"Some modest remains uncovered in 1996 several hundred meters farther east [of Syntagma Square] have been identified as the remains of the palaistra (wrestling ground) of the gymnasium, but as of 2000 the identification remains unsubstantiated." [4]

Political interest in the open-air museum project appeared to have dwindled as towards the end of the decade Greece slid into economic crisis. By 2009 the country had a new government and a new Minister of Culture, Antonis Samaras (since June 2012 Prime Minister), who in April of that year announced not only the revival of the project but also a budget of 4 million Euros, donated by the betting firm OPAP, which at that time was still 33% state-owned (since privatized). It was also announced that the project would be completed and the site opened to the public in 2010.

This proved to be yet another of many official announcements promising the opening of the site which have become almost an annual ritual. Several times after this author had heard that the site would be opened he dutifully traipsed along to only to find the same fence screening a closed building site on which nothing whatsoever was happening. In September 2010 a press release by the official Athens News Agency stated that the restoration work was finally - really, really, really - about to begin. However, when I visited the site again in May 2011 there had been no discernible progress (see photo below).

Although the Greek Ministry of Culture had 4 million Euros at its disposal, it had not even managed to put up a sign to indicate the presence of the Lyceum or what was planned for the site.

Again, in February this year an official announcement trumpeted the opening of the site by mid-summer. And this is where we came in. I was among those few fortunate enough to be able to visit the Lyceum in August, and was told that the public opening was now scheduled for October. Since then, silence.

There is no sign of the much-vaunted giant canopy, which appears to have been cancelled, just the same three small temporary canopies covering sensitive areas. Having visited the site, one wonders what the function of such a large, expensive canopy, which would have cost 400,000 Euros, could have been. It would not have been closed, so would protect neither the ruins nor visitors from weather; its translucence would have meant no shade from the sun. It would have certainly blocked the public's view of the remains, particularly from the adjacent Rigillis Street, the only place where the site can be seen from the outside. It seems to have been more of a grandiose architectural statement, a propaganda gimmick, or an attempt to divert attention from the deficiency of visual interest for the general visitor.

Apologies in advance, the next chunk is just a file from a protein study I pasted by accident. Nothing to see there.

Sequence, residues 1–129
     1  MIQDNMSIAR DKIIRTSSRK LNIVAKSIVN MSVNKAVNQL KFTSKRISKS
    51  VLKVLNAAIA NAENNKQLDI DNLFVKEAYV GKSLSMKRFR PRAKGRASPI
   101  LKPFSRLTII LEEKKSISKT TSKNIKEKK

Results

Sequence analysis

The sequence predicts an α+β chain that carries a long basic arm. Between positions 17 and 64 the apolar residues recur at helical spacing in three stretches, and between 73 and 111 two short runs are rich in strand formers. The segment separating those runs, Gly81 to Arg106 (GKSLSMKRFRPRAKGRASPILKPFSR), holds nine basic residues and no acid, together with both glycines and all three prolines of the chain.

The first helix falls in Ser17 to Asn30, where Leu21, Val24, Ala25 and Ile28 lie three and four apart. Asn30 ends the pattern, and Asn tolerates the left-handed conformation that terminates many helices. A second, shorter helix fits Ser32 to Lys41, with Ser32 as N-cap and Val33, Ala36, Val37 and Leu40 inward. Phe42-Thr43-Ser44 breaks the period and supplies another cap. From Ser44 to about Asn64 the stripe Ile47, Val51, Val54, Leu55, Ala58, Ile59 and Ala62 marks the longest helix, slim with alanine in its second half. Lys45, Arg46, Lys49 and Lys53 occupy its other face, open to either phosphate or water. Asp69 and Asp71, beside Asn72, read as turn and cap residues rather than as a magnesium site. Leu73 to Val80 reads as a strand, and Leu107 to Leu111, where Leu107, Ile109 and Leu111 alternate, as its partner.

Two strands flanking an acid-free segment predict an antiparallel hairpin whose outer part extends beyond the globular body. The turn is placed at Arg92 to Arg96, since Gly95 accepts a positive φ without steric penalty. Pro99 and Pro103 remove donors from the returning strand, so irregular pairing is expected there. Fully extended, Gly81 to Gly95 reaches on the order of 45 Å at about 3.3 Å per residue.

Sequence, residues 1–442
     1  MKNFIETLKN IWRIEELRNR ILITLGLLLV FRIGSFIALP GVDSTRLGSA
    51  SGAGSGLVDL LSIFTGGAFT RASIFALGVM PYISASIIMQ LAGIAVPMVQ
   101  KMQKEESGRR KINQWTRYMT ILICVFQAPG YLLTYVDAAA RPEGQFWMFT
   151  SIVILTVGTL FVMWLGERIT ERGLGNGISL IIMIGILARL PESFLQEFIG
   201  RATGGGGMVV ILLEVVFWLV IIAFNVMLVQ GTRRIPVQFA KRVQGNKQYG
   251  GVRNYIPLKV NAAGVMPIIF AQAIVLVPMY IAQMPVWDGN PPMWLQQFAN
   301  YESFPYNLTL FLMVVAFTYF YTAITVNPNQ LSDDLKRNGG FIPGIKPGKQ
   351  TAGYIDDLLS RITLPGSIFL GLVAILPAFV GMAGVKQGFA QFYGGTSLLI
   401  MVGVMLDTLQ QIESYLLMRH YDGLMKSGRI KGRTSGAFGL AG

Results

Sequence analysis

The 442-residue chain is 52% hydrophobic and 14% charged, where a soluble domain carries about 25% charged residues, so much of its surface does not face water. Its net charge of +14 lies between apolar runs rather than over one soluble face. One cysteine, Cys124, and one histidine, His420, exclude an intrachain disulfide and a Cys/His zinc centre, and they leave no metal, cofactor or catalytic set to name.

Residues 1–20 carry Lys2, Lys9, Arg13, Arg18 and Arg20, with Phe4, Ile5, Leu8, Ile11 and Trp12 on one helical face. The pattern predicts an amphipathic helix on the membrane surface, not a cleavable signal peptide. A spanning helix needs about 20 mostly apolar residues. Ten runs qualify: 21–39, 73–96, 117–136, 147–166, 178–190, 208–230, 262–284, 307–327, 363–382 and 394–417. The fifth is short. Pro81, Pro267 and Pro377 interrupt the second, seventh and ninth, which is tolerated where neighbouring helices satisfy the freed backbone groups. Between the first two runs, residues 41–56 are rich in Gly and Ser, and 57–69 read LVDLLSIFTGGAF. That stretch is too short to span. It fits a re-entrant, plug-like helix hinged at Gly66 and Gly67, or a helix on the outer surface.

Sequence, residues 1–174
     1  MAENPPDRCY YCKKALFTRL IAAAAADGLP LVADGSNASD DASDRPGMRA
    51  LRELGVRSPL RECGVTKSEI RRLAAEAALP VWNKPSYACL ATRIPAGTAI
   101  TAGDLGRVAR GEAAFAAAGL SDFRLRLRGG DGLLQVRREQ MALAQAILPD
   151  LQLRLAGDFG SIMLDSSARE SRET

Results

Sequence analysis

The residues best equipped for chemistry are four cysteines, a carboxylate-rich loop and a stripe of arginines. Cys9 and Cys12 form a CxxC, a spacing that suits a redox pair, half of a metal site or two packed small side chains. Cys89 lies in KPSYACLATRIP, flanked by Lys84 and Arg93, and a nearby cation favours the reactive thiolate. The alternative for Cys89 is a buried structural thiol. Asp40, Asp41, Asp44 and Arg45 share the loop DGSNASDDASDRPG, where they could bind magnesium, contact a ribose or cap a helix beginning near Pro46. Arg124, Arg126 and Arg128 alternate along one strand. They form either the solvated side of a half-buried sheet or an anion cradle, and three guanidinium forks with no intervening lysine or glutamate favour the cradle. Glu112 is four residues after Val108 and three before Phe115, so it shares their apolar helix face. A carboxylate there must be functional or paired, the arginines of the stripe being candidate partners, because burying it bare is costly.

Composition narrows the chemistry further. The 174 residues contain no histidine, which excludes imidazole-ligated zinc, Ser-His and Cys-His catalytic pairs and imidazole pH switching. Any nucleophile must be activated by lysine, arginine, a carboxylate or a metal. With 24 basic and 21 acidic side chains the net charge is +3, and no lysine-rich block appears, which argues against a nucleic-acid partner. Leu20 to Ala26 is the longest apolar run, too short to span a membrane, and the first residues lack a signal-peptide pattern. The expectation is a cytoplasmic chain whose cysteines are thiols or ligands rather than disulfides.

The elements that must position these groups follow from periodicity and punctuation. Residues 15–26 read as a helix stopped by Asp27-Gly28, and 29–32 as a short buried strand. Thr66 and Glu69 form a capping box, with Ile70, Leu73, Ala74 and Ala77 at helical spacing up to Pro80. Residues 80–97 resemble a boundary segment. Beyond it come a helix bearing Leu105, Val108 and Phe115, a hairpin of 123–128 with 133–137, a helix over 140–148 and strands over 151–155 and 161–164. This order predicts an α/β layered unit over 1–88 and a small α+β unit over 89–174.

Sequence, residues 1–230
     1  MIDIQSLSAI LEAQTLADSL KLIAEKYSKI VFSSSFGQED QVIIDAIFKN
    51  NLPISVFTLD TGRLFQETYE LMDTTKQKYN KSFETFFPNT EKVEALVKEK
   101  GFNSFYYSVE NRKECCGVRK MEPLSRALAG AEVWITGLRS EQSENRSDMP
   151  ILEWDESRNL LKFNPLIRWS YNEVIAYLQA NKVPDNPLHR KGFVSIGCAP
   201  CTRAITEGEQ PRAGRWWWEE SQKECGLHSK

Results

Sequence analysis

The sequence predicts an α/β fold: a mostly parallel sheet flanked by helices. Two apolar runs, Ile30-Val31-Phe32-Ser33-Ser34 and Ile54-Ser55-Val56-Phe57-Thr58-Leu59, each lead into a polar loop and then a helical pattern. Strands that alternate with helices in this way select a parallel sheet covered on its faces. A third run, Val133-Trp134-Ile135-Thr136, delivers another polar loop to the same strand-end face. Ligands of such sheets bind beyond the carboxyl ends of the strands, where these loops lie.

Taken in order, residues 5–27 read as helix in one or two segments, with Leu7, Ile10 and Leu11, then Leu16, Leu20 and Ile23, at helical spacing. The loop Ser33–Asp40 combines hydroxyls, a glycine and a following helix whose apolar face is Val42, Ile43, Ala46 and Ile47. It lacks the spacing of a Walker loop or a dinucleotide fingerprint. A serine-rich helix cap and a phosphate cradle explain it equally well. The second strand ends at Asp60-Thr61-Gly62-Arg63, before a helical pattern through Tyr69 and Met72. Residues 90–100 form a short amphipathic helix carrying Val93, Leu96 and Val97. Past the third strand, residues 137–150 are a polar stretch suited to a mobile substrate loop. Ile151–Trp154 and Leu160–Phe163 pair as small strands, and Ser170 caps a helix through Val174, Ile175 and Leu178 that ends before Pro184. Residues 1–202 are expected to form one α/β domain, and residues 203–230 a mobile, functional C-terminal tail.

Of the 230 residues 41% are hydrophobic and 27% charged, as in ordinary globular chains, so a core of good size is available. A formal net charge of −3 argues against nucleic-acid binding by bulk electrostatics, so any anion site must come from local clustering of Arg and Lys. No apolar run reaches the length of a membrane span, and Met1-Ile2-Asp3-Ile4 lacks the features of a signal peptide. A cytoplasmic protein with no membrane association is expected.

The garden around the site, on the other hand, is wonderful, and a particular joy to behold as an oasis of green in the hectic centre of Athens. The exposed area of the gymnasium dig has been surrounded by a lush lawn, itself a rare luxury in arid Hellas. Footpaths lead the visitor from the site's two entrances and around the ruins. The planting of trees, flowers and herbs [5] is also a balm to the eyes and helps provide a pleasant setting to contemplate history, philosophy, the meaning of life and the best way to get to the Plaka for lunch.

The presence of the tiny, little-known church of Agios Nikolaos on the eastern edge of the site (see photo below) and the other cultural buildings surrounding it add to the atmosphere. The latter also provide a visual and aural buffer zone between the site and the non-stop traffic on Vassilissis Sofias Avenue.

Apart from the garden, you may think that there is not a lot to look at on the site itself, especially if you have already seen Athens' other ancient splendours. But it is still an important place that deserves to be saved and preserved, and the people who have worked hard over the last 17 years to make it happen are to be applauded for their efforts. It is a tribute to Socrates, who spent much of his days here, to Aristotle and his Peripatetic school of philosophers who have influenced our ways of thinking and learning, and to the innumerable people who played, trained, bathed and worshipped here over several centuries.

The discovery of the Lyceum has also provided another piece of the puzzle of the topography of ancient Athens, vital for historians' attempts to decipher the city's past.
See also:

Museum Boom part 1

the Cheshire Cat Blog about
museums and archaeological sites
in Greece and Turkey.